Currently conducting independent biosecurity research funded by Open Philanthropy as part of its Biosecurity Scholarships program while upskilling in biosecurity. Previously contractor RA for Alvea, new uni groups contractor at CEA, intern at LEEP, president of EA Blue. Lean more about me here: https://kirstenangeles.com/about
biosecurity policy research work and upskilling at the end of 2023
ea blue, ea in the philippines, my work experiences, RSI management, etc.
Hey Aella, just wanted to say I found this a very well-written post and this particular quote struck me:
“I think in large part because of those experiences I've had. We're dealing with something high visibility (EA), where the most popular political coalition in journalism (people on the left side of the political aisle) can score points by hating you (insufficiently woke), and that is politically controversial (polyamory, weird nerds, SBF). It seems obvious to me that the odds of having some people with personal experience in the community who also regularly uncharitably misinterpret interactions, and uncharitably speak to a journalist (with both political and financial incentives to be uncharitable), are very high.”
The TIME article definitely sparked something in me, and I did agree or relate with some of it. Maybe part of me had some skepticism about the caliber of journalism it had, but this quote of yours impresses the need to be just a bit more cautious when we read future stuff about us… we need to take it in, but also, understand that people can just hate.
In honesty, I’ve had some discomfort with some tweets of yours before but I’ve appreciated that they’ve challenged a lot of me and got me to think deeply. I’m sad and also sad that I got surprised about this strong dislike and hate others have said about you.
I’m not in any way famous, but I’ve experienced some hate from people the more I got connected to others or the more others knew me (despite me never interacting with them), and also have had false rumors spread about me, and it’s sadly happened in this community.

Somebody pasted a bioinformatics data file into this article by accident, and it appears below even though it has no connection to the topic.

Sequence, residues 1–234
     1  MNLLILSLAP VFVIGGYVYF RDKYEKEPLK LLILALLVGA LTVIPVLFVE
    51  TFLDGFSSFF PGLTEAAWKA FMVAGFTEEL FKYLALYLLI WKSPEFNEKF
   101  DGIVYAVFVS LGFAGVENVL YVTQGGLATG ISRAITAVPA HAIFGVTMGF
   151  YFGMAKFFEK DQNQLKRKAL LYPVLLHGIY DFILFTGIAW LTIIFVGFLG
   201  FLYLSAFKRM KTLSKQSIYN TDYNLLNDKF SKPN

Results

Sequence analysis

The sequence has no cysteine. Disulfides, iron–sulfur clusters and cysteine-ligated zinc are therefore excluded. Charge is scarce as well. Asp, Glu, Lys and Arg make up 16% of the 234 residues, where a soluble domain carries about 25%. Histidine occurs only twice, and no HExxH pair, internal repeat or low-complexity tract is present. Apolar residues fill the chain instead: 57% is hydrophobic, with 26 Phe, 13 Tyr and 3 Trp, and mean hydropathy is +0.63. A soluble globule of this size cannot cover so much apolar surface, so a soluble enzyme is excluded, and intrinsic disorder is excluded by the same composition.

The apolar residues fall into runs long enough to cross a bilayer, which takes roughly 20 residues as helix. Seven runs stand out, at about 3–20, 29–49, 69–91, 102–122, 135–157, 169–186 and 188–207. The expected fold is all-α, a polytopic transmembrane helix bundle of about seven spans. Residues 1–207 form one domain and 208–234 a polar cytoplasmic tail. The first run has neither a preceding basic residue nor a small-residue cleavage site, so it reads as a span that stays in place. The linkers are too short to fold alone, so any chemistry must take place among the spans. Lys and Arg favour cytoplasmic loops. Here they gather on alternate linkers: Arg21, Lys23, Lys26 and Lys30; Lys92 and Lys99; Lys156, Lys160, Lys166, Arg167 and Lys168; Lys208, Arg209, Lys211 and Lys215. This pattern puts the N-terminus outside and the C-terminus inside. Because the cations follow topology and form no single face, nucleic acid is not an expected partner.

I just wanted to comment to appreciate you posting something like this and telling a part of your story!
I agree that the article had an anti-polyamory vibe and that doesn’t seem helpful in it of itself and damaging to some who are not doing anything wrong. But I do think some discussion is warranted, not to be against polyamory, but for how our community treats it in such a way that it affects some dynamics (‘cause it can be tricky!)
For me, the broader picture is,
The blurry professional/personal line EA generally has + a polyamory subculture used negatively + powerful men who are more likely to harass gives a complex equation that can lead to behavior like that discussed in this article. The article could’ve been more explicit about this. In sum for me, what seems damaging is qualities of the community that encourage/enable people to cross lines in such a way that allows some minorities to get harassed in this way.
Also just to add, most poly people I know in EA are respectful and the explicit culture I’ve been exposed to doesn’t encourage crossing lines; perhaps the implicit culture is a bit more sensitive.
I agree with this (what Peter said) and also have a couple stuff to add:
Maybe what you say is because there are more men in the movement, but I don’t think it’s simply because men “quantify charity more;” I think that statement is very limiting. There are a ton of factors as to why predominantly white men are those who are into EA, and I think even just the idea that they generally can afford to be philanthropic is one of them (not that this is negative since it’s good they help and presumably wanna help effectively).
Agreed... I think similar stuff happen in many communities and social groups, and I think maybe EA gets tricky 'cause it's like, hey, aren't we generally good people? So shouldn't we like... be outliers and like... be people who are sensitive and stuff and by a given, never sexually harrass? So not that it's any less important, but EA ends up sticking out because of that.